Bank for International Settlements, BaselJack Ewing at the New York Times reports today on the agreement reached at the summit known at Basel III:
BASEL, Switzerland — Top central bankers and bank regulators agreed Sunday on far-reaching new rules for the global banking industry that more than triple the amount of capital banks must hold in reserve as a shield against financial disasters. But the new requirements could also dampen bank profits and strain weaker institutions.Rumors were flying before the summit that the requirement could be fixed as high as 9 percent; bankers are so sick with relief that it was settled lower that right now, at least, nobody's doing much grumbling about the host of new regulations.
Financial authorities from 27 countries reached agreement on rules that require banks to raise the amount of common equity they hold to 7 percent of assets from 2 percent, part of a series of measures intended to help avert crises of the kind that nearly plunged the world into depression in late 2008. ...
However, a curmudgeon who blogs under the name "Gary A" set up such a howl about an aspect of the proposed Basel III regulations that it reached the ears of John Carney, Senior Editor of the CNBC financial website, who agreed with Gary that Basel III was pulling a fast one on Americans and that Tea Partiers didn't seem to grasp the issue:
(September 6) - Last week we pointed out that the Basel committee's changes to the definition of regulatory capital that result in the inclusion of Fannie Mae and Freddie Mac obligations threaten to saddle us with a permanent government guarantee of those failed mortgage giants.Carney cut off Gary's rant before it wound up but the above is the meat of his argument -- although you might want to read the entire thing and follow the links to some of his earlier writings, which include handy tips for spotting what he calls a housing loan bubble 'ponzi' scheme. Gary A claims that he spotted the last housing market bubble as early as 2005 -- the one that led to the present financial crisis. I don't have time to check his claim but it should be easy to verify if he was blogging that far back.
Our concern was mostly with the financial effects of the permanent guarantee. We think the government guarantee stifles market processes in a way that encourages risk taking by Fannie and Freddie and blinds them to market signals that would indicate when to become more cautious. And we think the dominance of Fannie and Freddie is stifling innovation in housing finance. Everyone keeps doing conforming mortgages, rather than innovating, because that's the only game in town.
Over at Seeking Alpha, Gary A. points out that even those who do not totally condemn the guarantees of Fannie and Freddie should be worried about this development out of Basel. The problem: it takes away the option of the US government to decide whether or not the guarantees are a good idea. It's an attack on American sovereignty.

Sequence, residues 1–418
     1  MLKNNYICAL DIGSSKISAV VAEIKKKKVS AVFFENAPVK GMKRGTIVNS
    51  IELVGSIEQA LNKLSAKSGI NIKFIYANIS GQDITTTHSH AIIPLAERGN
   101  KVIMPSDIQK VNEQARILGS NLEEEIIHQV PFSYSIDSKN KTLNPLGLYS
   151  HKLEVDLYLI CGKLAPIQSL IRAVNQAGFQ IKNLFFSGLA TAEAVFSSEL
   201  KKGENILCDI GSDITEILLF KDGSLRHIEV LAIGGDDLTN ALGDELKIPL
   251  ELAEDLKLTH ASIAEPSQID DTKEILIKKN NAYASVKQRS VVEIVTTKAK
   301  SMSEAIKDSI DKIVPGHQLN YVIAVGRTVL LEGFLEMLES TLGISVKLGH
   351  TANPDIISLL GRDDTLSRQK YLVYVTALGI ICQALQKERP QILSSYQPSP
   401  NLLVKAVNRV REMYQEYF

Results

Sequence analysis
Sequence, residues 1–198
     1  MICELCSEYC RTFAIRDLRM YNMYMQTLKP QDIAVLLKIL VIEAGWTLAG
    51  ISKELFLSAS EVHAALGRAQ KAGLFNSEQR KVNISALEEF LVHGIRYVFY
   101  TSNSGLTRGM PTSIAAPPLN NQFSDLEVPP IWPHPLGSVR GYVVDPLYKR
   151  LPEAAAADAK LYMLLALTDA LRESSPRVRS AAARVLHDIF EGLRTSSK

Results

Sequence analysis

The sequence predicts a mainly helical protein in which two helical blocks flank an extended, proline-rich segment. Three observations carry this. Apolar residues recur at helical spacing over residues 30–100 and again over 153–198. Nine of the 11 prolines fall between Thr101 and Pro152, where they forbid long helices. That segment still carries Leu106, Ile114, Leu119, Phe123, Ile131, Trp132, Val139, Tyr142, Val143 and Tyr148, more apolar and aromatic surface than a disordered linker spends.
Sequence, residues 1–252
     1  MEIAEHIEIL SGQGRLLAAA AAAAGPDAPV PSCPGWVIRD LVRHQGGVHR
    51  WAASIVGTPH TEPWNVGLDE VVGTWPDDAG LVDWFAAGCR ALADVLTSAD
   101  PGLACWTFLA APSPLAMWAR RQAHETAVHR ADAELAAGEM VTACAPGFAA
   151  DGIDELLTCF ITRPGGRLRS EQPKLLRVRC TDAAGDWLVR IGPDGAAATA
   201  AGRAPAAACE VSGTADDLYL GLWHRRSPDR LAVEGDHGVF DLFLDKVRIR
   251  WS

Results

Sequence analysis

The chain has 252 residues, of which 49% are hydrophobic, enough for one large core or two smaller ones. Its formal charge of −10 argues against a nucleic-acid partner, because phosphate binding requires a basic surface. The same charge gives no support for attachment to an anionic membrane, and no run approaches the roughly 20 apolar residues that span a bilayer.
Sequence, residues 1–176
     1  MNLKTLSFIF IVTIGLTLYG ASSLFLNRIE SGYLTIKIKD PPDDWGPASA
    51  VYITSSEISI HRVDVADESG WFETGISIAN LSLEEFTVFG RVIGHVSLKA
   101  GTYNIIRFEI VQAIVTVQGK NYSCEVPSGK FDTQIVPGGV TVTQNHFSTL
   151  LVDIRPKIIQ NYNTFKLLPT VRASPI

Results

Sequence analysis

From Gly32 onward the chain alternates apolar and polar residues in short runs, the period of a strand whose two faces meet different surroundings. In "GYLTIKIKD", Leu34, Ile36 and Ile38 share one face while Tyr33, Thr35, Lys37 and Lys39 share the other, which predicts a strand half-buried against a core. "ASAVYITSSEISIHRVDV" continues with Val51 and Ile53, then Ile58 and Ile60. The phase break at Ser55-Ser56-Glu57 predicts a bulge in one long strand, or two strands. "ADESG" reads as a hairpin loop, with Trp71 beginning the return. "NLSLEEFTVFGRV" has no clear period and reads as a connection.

From Seeking Alpha:"The way that they would do this would be to allow the big TBTF ["too big to fail"] banks to buy massive amounts of GSE securities, and place them as part of the mandatory tier 2 capital. Once the banks were in this position, congress and the taxpayer would no longer have the choice to overturn the guarantees. Once the mortgage bonds were a part of tier two capital, any effort to overturn the guarantees would result in an immediate bank crisis.
"It is my view that these shenanigans would result in more ponzi easy money loans, as the government guarantee would erase any fear of making a bad loan. And worse yet, this exposes Basel 3 and the central bankers as the threat to sovereignty. I have been screaming about this attack on national sovereignty by a conspiracy of international bankers for months and even years now. Few listen. If there was any doubt in anyone's mind that the conspiracy of the new economic order was real, they should never have those doubts ever again!
"... The Tea Party is playing into the hands of these international bankers. They are, unless something changes, supporting Taxation without Representation, which is at the root of this Basel 3 push. The Tea Party wants to cut mainstreet spending which plays into the hands of the IMF and the international bankers. And one wonders if they realize that taxpayers will be on the hook for bailouts that they cannot ever reject, as Basel 3 intends to make the international financial system, as a whole, too big to ever fail. ..."
(Update: Gary replied to my question: "I was not blogging back in 2005, however I live in a [housing market] bubble city, and inventory was through the roof second half of 2005. My real estate buddy warned me and thanks to others, I found that it was a problem in many areas of the country." )
As to whether his dire predictions about the Fred-Fannie loan guarantees will come to pass -- I would have to plow through the entire agreement before I could begin to estimate how the new regulatory regime would play out for Americans. But the regulations are only recommendations at this point.
The agreement won't be ratified until the G-20 summit later this year. Then Tea Partiers will have until January 1, 2013 to figure out the maze of new regulations; the date is when individual G-20 member nations will vote on whether to adopt the regulations.
Of course the vote will not be put to individual voters. So if Gary A is right, Tea Partiers had damn well better hope they control the Congress come January 2013.